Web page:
There is so many parameters Google uses to rank websites that it's impossible to tell you at the moment what to do next. Things like website speed (time taken to load the pages), server location, whether your site is served using HTTP or HTTPS, all aparently make a difference. The rankings change regularly too, as Google says it looks for "fresh" content. ...


2

Definitely post some content on the website before the launch. If you post news and blogs don't forget to use tags. A great way to start of is to describe a bit of your site, what it is about and what kind of content will it provide. Crawlers collect data from all around the webpage because of that you might wanna to take a look at SEO( Search engine ...


2

The idea is usually to track such clicks and remove the SEO benefit. Most such links will not be counted by Google and will not have a direct SEO benefit for your site. Even if Google does process the JS redirect script and discovers your linked page via such a redirect, it wouldn't give it the benefit of being counted as a regular plain-text editorial link ...


2

Click-through has always been in huge debate and no one actually knows for sure how much influence it holds, because its one of thousands of Google's secrets. But what I can tell you is that Google will know its you doing the clicking therefore you are not as a treated as unique visitor. They know its you through cookies and your ip address.


2

If you try to show content to Google and not users, you'll be trouble because that's cloaking. Search engines are actually crawling your content for it's users so if these end users can't see the content then whats the point. May be you could provide some sample of you book, which can also be crawlable.


2

Your question has to dimension to take into consideration. handling multiple languages handling duplicates Handling multiple languages Organizing language versions in subdirectories is a good strategy. For me it is best practise. If you are able to identify which language/country your user is looking for redirect him to the right directory. If not - ...


2

Yes, although I'm not sure how to measure the negatives. Essentially you will lose out on SEO by not having the pictures on your site; image searches do drive traffic, although the amount can be very minimal. If you host the images, you also have control over their naming conventions, which you can utilize for them to perform well in image searches. ...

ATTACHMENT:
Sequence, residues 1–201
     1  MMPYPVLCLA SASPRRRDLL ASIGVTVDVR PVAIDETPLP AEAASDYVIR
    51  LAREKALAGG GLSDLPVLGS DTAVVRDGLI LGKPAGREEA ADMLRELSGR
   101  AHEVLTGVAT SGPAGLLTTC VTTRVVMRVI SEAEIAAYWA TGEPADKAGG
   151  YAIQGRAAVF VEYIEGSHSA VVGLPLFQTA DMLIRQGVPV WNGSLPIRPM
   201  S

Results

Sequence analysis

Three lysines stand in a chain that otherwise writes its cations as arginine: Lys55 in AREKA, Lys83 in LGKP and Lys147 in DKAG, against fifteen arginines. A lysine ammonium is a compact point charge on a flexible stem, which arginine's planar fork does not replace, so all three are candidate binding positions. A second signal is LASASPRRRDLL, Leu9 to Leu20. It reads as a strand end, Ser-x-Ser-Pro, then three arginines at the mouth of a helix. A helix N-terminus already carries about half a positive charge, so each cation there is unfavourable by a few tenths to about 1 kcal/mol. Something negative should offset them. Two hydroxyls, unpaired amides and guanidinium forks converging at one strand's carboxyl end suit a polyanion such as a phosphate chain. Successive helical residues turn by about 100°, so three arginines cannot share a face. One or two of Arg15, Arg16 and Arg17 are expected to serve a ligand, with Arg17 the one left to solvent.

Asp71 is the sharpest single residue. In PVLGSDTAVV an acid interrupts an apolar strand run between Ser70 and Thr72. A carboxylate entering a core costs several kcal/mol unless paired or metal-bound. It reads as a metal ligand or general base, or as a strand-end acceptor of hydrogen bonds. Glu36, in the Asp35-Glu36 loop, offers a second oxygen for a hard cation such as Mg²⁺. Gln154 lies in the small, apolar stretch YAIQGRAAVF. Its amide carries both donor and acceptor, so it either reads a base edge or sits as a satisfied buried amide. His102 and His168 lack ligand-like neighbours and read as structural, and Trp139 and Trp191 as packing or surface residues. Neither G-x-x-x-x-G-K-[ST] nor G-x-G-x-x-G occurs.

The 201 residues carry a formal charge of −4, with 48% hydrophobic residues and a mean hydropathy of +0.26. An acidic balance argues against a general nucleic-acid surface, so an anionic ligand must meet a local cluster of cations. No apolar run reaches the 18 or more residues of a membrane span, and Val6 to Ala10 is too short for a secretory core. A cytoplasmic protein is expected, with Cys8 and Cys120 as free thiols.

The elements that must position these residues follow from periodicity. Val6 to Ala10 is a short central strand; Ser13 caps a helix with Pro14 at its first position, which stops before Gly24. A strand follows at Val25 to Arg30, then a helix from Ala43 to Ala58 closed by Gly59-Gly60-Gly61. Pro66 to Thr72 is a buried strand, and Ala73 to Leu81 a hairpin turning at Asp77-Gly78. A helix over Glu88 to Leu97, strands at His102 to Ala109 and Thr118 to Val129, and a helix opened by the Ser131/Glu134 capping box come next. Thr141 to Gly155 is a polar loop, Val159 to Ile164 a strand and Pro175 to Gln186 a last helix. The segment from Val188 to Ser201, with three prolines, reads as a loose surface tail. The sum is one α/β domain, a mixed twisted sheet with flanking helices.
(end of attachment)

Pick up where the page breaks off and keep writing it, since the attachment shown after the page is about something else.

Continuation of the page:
2

You have done your research and seem to have a good handle on the situation. To sum up: Using robots.txt would prevent search engines from crawling the PDF files. If third party sites linked directly to the PDF files, then search engines might include the URLs in the search index (but would still not be able to index their contents.) Using X-Robots-Tag ...


2

Duplicate content is no longer determined in a linear fashion. Today, duplicate content is determined using a semantic scoring method so that near duplicate content will still be seen as duplicate. This is because spammers would simply rearrange the content to avoid content as being flagged as duplicate. As well, n-gram phrase recognition is used to ...


2

I originally read you question as the number of indexed pages from your sitemap is 1500 and that you are worried. Then I thought about it. Perhaps there are things you need to know. If your site is new, then it will take quite a while for a new site to be indexed. I am not sure how old your site is, but it can take as much as a year for some sites to sink ...


2

I'm working on a website where a lot of the page content is generated by javascript by getting JSON from the server. .... Are these techniques alright when it comes to search engines indexing my site? ... just to save on bandwidth. This is a bad idea. What you're describing is that you have some basic HTML loaded and then a call to a special file on ...


1

The following is from the perspective of the HTML5 specification, based on the assumption that consumers (like search engines) will expect and work with what is specified in the HTML standards. In current practice, such markup details probably don’t matter much for SEO, but it can be important for other consumers and accessibility. I’ll use headings of the ...


1

The fragment identifier (ie. everything after the #) is not sent to the server, so unless you are using JavaScript/AJAX then your server won't be able to process these as URL parameters. (?) So, using a hash (#) would not seem to be a solution in your case as it simply won't work - unless I'm missing something? What's wrong with using a rel="canonical" ...


1

The WordPress Loop is an internal feature of WordPress and therefore has no effect on Google or any other major search engine. However, elements outside of the loop that are repeated on every page will be treated differently to what the main content is, this is normal and effects all websites no matter the platform they decide to use.


1

It depends on how strong the competitors in the UK are. If Google finds enough trusted sources in the UK (or UK-specific pages, eg international websites with a /en-GB/ section and the proper hreflang annotation), chances are that this could affect your visibility in the UK negatively. However, if your site is the most trusted source for your topic, it ...